There’s good news if you’re for a job in data science in 2016 — the number of job openings in the field appears to be rising as companies look to leverage big data for competitive advantage. But actually landing a coveted data science job means having the right mix of skills, and you may be surprised to learn what skills are most in demand by employers.
The folks at CrowdFlower recently did an analysis of the 3,490 postings for data science jobs on LinkedIn, and sorted out the top 21 individual skills that appear most often. Some of the results were not earth-shattering — SQL topped the list, to nobody’s great surprise — while other results could be leading indicators on how the data science field is evolving.
As mentioned, SQL was the most commonly cited skill, and is a requirement in 57 percent of all LinkedIn job postings for data science. Hadoop came in at number two, with a solid 49 percent rating. This did not surprise Lukas Biewald, CEO and founder of CrowdFlower, the San Francisco company whose workers create high-quality reference data that data scientist use to train analytic models.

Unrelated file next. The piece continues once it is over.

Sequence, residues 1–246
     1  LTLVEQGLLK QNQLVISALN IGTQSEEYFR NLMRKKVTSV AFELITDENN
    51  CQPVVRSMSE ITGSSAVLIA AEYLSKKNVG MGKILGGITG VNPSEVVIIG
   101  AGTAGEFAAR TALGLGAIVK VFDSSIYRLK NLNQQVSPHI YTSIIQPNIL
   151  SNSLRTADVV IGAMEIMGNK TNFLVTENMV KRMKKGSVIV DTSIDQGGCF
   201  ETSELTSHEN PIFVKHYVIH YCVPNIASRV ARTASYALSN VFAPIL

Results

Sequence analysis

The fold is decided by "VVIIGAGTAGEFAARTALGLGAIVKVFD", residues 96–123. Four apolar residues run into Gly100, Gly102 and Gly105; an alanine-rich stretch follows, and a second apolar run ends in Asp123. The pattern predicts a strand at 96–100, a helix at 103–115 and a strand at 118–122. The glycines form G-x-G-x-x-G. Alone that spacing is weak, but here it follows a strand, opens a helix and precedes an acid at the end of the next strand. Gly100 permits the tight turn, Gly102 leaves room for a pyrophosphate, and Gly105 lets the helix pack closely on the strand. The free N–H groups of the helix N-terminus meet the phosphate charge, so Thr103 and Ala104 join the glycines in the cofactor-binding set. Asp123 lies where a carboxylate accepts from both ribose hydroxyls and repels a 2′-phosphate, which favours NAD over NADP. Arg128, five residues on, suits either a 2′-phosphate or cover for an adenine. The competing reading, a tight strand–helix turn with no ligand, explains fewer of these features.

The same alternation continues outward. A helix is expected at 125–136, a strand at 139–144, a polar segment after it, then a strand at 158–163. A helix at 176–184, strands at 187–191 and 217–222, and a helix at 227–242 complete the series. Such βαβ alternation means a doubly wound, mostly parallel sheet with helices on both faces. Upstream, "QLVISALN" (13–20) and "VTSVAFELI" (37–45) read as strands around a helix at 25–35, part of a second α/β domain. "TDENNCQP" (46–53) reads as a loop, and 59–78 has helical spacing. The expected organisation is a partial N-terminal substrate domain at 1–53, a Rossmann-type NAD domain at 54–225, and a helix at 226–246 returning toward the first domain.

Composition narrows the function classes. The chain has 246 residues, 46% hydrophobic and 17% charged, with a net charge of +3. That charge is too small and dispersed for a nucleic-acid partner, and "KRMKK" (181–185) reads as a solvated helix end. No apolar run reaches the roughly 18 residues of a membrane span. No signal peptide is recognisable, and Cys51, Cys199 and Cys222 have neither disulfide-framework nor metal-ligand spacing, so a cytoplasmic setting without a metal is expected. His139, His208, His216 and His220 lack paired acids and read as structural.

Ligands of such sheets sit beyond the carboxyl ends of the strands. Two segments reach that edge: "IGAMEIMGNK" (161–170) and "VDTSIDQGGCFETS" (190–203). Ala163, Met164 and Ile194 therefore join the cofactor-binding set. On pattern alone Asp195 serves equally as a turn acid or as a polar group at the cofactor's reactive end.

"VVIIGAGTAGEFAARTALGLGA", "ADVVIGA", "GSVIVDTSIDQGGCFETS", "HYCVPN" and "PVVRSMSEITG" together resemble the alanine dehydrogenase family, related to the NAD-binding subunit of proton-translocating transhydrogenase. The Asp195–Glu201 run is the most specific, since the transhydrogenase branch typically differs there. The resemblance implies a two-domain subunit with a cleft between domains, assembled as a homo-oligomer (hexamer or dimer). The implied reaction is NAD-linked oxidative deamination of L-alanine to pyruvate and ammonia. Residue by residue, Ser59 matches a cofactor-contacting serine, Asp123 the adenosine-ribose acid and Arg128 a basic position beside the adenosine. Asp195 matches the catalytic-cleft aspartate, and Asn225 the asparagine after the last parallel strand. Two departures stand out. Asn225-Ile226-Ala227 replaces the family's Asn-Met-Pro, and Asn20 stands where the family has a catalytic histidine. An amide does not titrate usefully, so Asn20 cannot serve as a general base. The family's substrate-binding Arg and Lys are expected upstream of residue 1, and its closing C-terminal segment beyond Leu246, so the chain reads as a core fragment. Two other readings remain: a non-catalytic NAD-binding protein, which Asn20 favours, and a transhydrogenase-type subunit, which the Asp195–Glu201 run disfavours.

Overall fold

“It’s not surprising the two skills that are at the top are SQL and Hadoop, which are the technologies that actually store the data,” Biewald tells Datanami. “Every data scientist has to know how to get the data out. If you can’t get the data out in the first place, you can’t do anything.”